5. Conclusions

Chinese traditional FMFPs have attracted extensive research due to their natural and pure traditional craftsmanship, as well as great regional characteristics; these include Guizhou sour fish, Xinjiang air-dried meat, Sichuan bacon, and other traditional FMFPs with great local characteristics. In this paper, we reviewed the dominant bacterial genera of eight Chinese traditional FMFPs during the fermentation process and the roles of different microorganisms in regulating the texture, color, and flavor of FMFPs.
Currently, most of the research on FMFPs concentrates on the isolation and identification of functional microorganisms, as well as on dynamic changes in flavor substances and metabolites during the fermentation process. The composition and structural characteristics of microbial communities during the fermentation process have been extensively investigated. However, the utilization of functional microorganisms isolated from Chinese traditional FMFPs has a long way to go. With the maturity of the processing technology and the rapid development of the preservation technology, the quality of FMFPs has been greatly improved. The changes in people’s diet structure and health, and the desire for high quality, have become the focus of the development of foods. Compared with foreign fermented meat, Chinese traditional FMFPs are highly characterized by Chinese regional features. Therefore, the development of unique natural starters should be the major focus in the future. That is, efforts should be made to (1) screen and isolate more functional microorganisms from Chinese traditional FMFPs; (2) utilize metabolomics and proteomics technologies to investigate the flavor formation mechanism of different fermented meats; and (3) explore the potential of utilizing microorganisms to partially replace industrial food additives for improving flavor and color.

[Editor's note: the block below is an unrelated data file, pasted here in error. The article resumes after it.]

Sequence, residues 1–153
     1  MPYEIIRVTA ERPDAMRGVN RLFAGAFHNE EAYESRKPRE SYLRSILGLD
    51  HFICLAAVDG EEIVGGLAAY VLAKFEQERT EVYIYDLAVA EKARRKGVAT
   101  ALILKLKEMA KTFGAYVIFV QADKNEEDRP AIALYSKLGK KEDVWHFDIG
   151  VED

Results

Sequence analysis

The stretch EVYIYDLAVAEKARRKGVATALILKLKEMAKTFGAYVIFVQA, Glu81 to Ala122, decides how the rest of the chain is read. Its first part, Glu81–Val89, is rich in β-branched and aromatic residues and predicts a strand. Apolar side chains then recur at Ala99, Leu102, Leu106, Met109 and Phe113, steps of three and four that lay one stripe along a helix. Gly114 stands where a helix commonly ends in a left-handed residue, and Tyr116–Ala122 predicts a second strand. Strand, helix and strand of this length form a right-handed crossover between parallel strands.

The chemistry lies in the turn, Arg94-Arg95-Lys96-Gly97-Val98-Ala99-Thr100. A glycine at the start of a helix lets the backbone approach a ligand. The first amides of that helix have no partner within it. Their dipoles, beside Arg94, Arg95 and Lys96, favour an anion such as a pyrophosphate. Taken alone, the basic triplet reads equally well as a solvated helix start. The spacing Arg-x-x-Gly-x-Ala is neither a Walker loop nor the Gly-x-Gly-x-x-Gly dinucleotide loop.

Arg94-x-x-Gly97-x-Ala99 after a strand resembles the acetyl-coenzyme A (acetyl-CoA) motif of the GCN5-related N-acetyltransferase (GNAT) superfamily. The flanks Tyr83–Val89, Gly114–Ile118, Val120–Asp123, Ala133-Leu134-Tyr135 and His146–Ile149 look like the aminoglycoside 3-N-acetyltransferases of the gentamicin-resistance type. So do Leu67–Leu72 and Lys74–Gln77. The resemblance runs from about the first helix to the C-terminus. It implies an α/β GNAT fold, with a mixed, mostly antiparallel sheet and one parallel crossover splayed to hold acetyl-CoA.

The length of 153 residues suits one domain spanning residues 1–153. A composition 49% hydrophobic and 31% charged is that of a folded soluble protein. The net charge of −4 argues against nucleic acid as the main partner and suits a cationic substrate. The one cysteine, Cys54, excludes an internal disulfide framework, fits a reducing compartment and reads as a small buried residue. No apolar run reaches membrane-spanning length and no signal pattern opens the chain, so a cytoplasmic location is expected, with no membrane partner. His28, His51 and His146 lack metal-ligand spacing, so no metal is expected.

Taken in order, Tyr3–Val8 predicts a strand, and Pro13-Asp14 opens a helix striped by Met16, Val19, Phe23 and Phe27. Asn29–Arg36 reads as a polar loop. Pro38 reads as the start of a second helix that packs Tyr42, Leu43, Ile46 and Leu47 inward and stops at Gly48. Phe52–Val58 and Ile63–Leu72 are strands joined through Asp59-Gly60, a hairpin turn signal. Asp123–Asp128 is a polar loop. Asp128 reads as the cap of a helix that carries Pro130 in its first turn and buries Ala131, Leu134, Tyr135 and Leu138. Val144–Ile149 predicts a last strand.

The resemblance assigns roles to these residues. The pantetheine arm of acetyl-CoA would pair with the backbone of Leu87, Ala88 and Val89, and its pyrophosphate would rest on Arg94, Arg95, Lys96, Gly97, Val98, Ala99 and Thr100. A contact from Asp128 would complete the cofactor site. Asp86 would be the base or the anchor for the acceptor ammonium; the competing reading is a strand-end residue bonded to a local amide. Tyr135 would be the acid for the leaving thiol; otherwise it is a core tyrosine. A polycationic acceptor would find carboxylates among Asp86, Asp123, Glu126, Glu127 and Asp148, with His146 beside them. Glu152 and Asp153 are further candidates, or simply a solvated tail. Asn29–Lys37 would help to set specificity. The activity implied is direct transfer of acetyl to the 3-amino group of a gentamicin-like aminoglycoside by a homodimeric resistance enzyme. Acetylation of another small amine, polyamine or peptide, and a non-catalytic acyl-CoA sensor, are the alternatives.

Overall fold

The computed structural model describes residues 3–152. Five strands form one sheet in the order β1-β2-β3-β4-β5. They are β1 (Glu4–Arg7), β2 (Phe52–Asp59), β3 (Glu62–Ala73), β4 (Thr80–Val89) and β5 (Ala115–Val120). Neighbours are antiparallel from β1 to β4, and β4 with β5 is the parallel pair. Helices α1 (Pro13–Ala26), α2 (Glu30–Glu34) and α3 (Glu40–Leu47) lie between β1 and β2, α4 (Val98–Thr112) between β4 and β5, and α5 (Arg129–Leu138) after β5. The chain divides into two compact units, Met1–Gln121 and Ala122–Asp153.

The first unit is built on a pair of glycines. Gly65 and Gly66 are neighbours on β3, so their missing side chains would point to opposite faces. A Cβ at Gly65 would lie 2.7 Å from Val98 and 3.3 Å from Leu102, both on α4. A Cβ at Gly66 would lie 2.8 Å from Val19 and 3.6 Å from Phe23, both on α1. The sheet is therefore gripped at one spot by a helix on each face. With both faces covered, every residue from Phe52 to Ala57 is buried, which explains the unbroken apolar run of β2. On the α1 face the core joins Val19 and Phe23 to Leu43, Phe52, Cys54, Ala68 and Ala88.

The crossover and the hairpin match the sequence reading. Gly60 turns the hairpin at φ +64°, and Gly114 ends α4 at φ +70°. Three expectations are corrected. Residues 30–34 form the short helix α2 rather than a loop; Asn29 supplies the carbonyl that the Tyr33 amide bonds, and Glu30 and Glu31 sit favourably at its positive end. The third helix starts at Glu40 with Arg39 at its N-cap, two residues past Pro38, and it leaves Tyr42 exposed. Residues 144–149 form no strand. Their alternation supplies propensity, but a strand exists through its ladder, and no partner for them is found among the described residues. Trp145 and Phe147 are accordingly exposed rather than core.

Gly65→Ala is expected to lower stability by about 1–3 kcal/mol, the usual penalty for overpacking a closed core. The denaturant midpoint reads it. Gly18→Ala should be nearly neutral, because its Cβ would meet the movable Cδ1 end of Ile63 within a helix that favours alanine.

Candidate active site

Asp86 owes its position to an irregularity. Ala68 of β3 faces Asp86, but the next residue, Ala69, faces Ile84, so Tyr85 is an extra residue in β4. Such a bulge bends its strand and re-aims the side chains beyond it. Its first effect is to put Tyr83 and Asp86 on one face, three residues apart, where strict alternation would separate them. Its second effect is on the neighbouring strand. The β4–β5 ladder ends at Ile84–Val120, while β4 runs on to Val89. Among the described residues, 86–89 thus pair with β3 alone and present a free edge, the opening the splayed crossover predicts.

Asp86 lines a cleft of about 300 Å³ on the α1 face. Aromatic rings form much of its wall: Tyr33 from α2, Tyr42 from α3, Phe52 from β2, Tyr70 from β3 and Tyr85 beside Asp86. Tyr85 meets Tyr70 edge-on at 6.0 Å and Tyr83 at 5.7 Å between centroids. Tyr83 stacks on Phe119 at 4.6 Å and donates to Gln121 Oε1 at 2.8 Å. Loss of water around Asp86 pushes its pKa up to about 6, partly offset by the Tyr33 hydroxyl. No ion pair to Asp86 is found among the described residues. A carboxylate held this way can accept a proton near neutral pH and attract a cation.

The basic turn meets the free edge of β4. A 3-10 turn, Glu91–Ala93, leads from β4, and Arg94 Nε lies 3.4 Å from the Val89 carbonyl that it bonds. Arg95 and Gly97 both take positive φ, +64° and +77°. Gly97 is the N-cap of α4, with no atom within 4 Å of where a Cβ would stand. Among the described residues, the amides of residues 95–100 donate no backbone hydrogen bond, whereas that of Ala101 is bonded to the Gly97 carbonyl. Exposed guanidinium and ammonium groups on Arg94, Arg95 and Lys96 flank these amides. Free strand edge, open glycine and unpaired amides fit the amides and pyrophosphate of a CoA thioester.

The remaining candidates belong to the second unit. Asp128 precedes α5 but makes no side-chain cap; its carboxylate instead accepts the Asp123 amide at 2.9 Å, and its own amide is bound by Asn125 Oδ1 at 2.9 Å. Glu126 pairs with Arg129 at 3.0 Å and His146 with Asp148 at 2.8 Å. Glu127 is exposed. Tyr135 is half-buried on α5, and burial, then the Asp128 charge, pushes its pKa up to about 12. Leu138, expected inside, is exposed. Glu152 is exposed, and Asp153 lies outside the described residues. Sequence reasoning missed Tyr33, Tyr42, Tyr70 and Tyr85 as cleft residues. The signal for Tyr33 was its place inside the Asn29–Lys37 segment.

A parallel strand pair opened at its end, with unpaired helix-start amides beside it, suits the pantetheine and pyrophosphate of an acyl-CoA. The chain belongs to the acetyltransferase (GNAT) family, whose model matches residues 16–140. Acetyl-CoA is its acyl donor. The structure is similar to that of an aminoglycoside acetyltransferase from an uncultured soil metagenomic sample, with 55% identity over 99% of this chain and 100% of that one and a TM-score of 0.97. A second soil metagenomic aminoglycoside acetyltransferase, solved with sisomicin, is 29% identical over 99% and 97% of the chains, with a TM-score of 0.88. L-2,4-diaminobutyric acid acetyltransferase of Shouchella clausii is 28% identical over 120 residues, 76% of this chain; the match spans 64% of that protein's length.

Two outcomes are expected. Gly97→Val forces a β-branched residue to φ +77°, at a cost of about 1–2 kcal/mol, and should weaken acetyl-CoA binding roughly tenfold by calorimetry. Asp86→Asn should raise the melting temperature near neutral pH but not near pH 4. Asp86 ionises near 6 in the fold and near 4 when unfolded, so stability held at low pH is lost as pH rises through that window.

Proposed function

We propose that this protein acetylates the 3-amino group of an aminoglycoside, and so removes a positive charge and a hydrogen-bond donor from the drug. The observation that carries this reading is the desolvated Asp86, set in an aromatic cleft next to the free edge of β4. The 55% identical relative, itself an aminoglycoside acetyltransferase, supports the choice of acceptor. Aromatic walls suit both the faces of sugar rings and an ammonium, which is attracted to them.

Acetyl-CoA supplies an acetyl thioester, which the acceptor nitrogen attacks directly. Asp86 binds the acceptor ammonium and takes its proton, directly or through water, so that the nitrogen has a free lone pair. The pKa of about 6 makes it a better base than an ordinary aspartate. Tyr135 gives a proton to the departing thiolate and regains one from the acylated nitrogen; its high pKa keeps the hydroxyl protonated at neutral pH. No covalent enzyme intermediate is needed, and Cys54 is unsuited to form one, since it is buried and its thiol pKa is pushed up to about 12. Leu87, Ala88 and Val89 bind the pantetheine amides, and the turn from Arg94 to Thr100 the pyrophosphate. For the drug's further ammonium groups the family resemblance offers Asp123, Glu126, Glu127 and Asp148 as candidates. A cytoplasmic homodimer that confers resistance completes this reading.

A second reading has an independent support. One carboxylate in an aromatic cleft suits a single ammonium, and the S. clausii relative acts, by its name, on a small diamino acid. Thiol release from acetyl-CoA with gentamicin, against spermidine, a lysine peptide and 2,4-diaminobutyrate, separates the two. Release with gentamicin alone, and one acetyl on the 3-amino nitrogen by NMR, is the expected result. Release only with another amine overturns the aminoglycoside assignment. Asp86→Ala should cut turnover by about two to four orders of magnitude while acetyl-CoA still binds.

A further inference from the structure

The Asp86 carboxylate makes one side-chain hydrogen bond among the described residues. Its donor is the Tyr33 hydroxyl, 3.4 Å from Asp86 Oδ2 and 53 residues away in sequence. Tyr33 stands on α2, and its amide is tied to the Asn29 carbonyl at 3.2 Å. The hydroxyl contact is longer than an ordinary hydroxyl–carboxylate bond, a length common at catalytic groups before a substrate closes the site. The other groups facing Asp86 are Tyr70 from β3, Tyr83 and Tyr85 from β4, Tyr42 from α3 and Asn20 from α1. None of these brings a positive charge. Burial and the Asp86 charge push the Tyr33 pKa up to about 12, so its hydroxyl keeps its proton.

Author Contributions

J.M. methodology and writing—original draft; X.W. and H.C. data curation; Z.Z. conceptualization, project administration and writing—review and editing; D.L. and Y.Z. formal analysis; X.N. data curation, funding acquisition, methodology and writing—review and editing. All authors have read and agreed to the published version of the manuscript.


This work was supported by grants from the Science and Technology Department of Sichuan Province (2022NSFSC1702, 2023YFN0014), Sichuan Provincial University Engineering Research Center for Industrialization of Sichuan Cuisine (GCZX22-01, GCZX22-02).